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Why Are Elves Associated With Christmas?

Most children know that Santa’s elves are responsible for making toys and keeping track of Santa’s list of good boys and girls. Some children are even visited by a curious little elf who observes their behavior all Christmas season.

But how did elves become such an important part of the Santa story?

The Evolution of Santa Claus

The history of Santa Claus begins with a real person. St. Nicholas was a bishop who lived hundreds of years ago in what is now Turkey. Stories of St. Nick’s kindness and generosity are common throughout Europe. By contrast, his modern counterpart, Santa Claus, is a more recent and largely American invention.

Early immigrants brought their customs and stories to the American melting pot of the 18th and 19th centuries, including the way they celebrated Christmas.

In 1821, a New York City newspaper published a poem by Clement Clarke Moore entitled “A Visit From St. Nicholas.” His story, which drew on Dutch and Scandinavian traditions to envision St. Nicholas’ visit on the night before Christmas, captivated the public imagination. Writers and artists built upon the Santa legend. They added a red suit, a bottomless bag of gifts, a fondness for cookies and milk, and a North Pole toyshop populated by elves.

What Are Elves?

From Greek gods to British pixies, many ancient European folk stories focus on magical beings who sometimes interact with the human world. Unlike the engaging little Christmas elf, however, these supernatural creatures weren’t always kind.

Scandinavian elves were somewhat fickle guardians of a household, protecting the family, farm, livestock and crops. However, if they thought they were being mistreated or ignored, they might act out by souring milk, breaking dishes or even poisoning crops.

Ancient Norse mythology tells of ‘hidden folk” while Scottish lore speaks of tiny beings known as brownies. In most legends, these magical beings might by turns be helpful or pesky.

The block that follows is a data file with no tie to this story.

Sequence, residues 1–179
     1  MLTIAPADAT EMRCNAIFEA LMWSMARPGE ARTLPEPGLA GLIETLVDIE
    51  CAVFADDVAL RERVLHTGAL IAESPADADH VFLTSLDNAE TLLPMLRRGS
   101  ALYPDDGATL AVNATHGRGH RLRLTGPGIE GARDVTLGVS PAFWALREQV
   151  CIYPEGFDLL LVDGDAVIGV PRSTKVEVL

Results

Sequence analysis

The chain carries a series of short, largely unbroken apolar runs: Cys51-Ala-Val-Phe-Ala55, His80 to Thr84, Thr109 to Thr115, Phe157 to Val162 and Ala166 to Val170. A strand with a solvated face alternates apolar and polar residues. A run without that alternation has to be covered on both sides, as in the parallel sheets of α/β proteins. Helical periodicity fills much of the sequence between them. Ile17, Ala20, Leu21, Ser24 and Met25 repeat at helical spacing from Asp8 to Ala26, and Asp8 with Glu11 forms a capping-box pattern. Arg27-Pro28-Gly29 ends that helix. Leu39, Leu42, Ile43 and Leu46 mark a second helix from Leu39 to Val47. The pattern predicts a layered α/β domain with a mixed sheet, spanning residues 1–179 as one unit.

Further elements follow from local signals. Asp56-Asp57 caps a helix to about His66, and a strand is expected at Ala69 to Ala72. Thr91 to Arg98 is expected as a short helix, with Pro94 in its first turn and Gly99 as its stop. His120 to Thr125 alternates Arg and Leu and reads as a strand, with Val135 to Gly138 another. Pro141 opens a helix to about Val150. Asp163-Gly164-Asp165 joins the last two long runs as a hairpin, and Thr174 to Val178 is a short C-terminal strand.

Even in Willliam Shakespeare’s time, elvish figures like Puck in “A Midsummer Night’s Dream” were envisioned as tricksters.

Christmas Elves

Since elf lore predates Christianity, elves traditionally weren’t associated with the Christmas holiday. So when and how did elves become part of our Christmas traditions?

Possibly the earliest connection between Christmas and elves appears in “The Elves and the Shoemaker,” by the Brothers Grimm. The 1812 fairy tale tells of a poor shoemaker, visited nightly by elves who help complete his orders before Christmas.

There is also a line in Clement Clark Moore’s “A Visit from St. Nicholas” describing Santa as a “jolly old elf.”

“The Christmas Elves,” a story published in “Harper’s Bazaar” in 1871, tells of magical elves who visit good children during the holiday season. Another popular 19th century publication, Godey’s Ladies Book, featured artwork depicting Santa and his elves. Several decades later, artist Norman Rockwell also included elves in some of his famous paintings of Santa.

In the 20th century, marketing and television expanded Santa lore, featuring elves as main characters. From Rudolph’s friend Hermey, to Buddy the Elf, to head elf Bernard in “The Santa Clause,” Santa Claus and elves have become permanently intertwined. 

Santa's Little Helpers

Nowadays, Christmas elves are distinctly different from the magical beings from which they descended. Helpful, thoughtful, fun-loving and hard-working, elves add yet another facet to the Christmas story.

You can add your own Christmas elf to your holiday decor by browsing the Christmas decorations and ornaments at Christmas Central.